The audience at a panel discussing challenges and opportunities from a global IT security perspective Wednesday at the IT Security Entrepreneurs’ Forum was nodding off until question time, when Jody Westby blasted the panelists.
She accused them of not sticking to the topic and suggested they focus more on the issues.
“The issue is a legal one,” Westby said. “We need to stop talking at the 10,000-foot level about private/public partnerships or you gentlemen will be up there [on the stage] for the next few years.”
The panel, moderated by CSO Magazine publisher Bob Bragdon, was held at Stanford University.
Panel members were Sumit Agarwal from the United States Department of Defense (DoD); Adam Hatfield from Canada’s National Cybersecurity Directorate, and Kjetil Nilsen of Norway’s National Security Authority.
The Security Waffle Factor
The 50 or so members of the audience seemed unimpressed as the panelists droned on, mainly about private/public sector cooperation.
The DoD’s Agarwal essentially said nothing in a lot of words. One example is his answer when moderator Bragdon asked whether the level of cooperation that’s needed between the two sectors can be achieved.
“There are things on which there’s a large amount of consensus; there are things on which they’re not all aligned,” Agarwal replied. “The biggest challenge, I think, is in getting comfortable with the inevitable failure, the inevitable breach; understanding that the value of that sharing outweighs the risk of a breach, as long as that benefit we accrue by sharing is larger than the risk we incur by sharing.”
It would probably be fair to say that those involved in IT security in both the private and public sectors would have spent considerable time mulling over this point.
In response to a question from Bragdon about what other policies nations need, Norway’s Nilsen talked about the need for inclusion and trust.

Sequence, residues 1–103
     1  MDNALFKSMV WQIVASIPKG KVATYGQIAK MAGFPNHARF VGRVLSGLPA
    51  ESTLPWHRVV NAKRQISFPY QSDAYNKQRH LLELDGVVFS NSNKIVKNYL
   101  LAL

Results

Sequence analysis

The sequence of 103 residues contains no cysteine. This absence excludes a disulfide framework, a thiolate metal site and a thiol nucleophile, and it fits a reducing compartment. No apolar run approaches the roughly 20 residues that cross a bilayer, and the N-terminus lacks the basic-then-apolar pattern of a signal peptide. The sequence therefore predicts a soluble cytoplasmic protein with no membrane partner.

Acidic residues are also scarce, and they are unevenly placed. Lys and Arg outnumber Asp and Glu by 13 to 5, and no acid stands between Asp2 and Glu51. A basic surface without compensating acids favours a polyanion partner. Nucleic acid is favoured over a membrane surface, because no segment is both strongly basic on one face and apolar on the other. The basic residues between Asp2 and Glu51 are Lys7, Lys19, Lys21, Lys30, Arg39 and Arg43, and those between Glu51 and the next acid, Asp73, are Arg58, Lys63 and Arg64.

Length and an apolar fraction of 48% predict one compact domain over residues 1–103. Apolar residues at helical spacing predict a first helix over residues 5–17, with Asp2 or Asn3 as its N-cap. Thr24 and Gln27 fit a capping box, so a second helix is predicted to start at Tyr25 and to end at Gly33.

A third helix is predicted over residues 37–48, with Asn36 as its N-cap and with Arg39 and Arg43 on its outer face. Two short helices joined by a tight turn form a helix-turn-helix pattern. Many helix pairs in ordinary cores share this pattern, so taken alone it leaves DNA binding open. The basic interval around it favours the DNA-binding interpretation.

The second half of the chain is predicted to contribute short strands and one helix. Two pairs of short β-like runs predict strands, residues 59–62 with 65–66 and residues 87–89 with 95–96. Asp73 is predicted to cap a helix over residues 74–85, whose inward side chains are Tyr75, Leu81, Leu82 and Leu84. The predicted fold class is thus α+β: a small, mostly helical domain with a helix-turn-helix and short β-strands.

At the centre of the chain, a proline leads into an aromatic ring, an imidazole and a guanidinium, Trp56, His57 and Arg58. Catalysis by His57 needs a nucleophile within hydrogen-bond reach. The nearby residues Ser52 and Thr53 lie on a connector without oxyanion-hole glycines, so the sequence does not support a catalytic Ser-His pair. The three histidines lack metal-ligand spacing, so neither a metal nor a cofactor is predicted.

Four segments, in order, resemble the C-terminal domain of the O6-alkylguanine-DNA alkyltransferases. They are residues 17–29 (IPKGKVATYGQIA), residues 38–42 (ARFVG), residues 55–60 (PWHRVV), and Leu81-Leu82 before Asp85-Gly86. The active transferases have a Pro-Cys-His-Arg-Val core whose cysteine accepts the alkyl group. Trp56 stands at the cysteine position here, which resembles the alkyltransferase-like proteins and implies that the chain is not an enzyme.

“I think it’s important to make the private sector feel included,” Nilsen said. “To do that we need to establish mutual trust. There must be some incentives for private business to cooperate with government.”
Canada’s Hatfield provided more of the same in his response.
“From a philosophical perspective, the government must be willing to do things together with the private sector, be willing to offer more transparency, but not pull out the heavy hammers of regulation.”
The same philosophy was espoused back in 2008 when the Center for Strategic and International Studies, a bipartisan think tank, called on the then-incoming Obama administration to work closely with the private sector in securing cyberspace. Nothing new here, move on.
Cybercrime and Punishment
Here’s Canada’s Hatfield in response to a question by Bragdon about the definition of cybercrime: “Crime means something specific to government. It means you send someone to arrest someone for doing something.”
Cybersecurity, on the other hand, requires a lot of cooperation between governments as to what to do and governments need to be “extremely clear” as to what they are trying to do when they cooperate, Hatfield added.
After waffling about cooperation being the sharing of information and best practices in response to the question about defining cybercrime, Nilsen said all cooperation requires trust. “The matter of trust is very, very important,” he stated. “I think this may be our largest challenge in the upcoming years,” he added.
“There is no entity anymore that is only an adversary or only an ally,” the DoD’s Agarwal remarked. “There is no clear demarcation on who’s an adversary on the international level in the standards area.”
Yes, that certainly defines cybercrime clearly.
Round and Round We Go
Why the need to define cybercrime at all?
“People have been talking about what cybercrime is for the past 10 years,” Global Cyber Risk CEO Westby huffed. “I tell everybody not to spend 10 years arguing about a definition of cybercrime.”
Several bodies have been set up to facilitate international cooperation for crackdowns on cybercrime, she told TechNewsWorld.
One such body is the Council of Europe Convention on Cybercrime, set up in 2001. This body has 46 signatories, but only 30 have ratified the convention, Westby remarked.
Another body is the G8 High-Tech Crime 24-Hour Point-of-Contact Network, set up in 1997, Westby said. This organization has 50 member states.
The real difficulty in fighting cybercrime across national borders hinges on the law.
For one thing, different countries have different laws, so what may constitute a cybercrime in one nation may be perfectly legal in another, Westby said.
Also, different countries have different interpretations of laws, she added.
Further, not all countries are tackling the cybercrime issue.
“There are many countries that don’t even have cybercrime laws,” Westby stated.
That makes it difficult to pursue criminals across national borders in those countries because “law enforcement agencies can’t even talk to each other,” Westby remarked.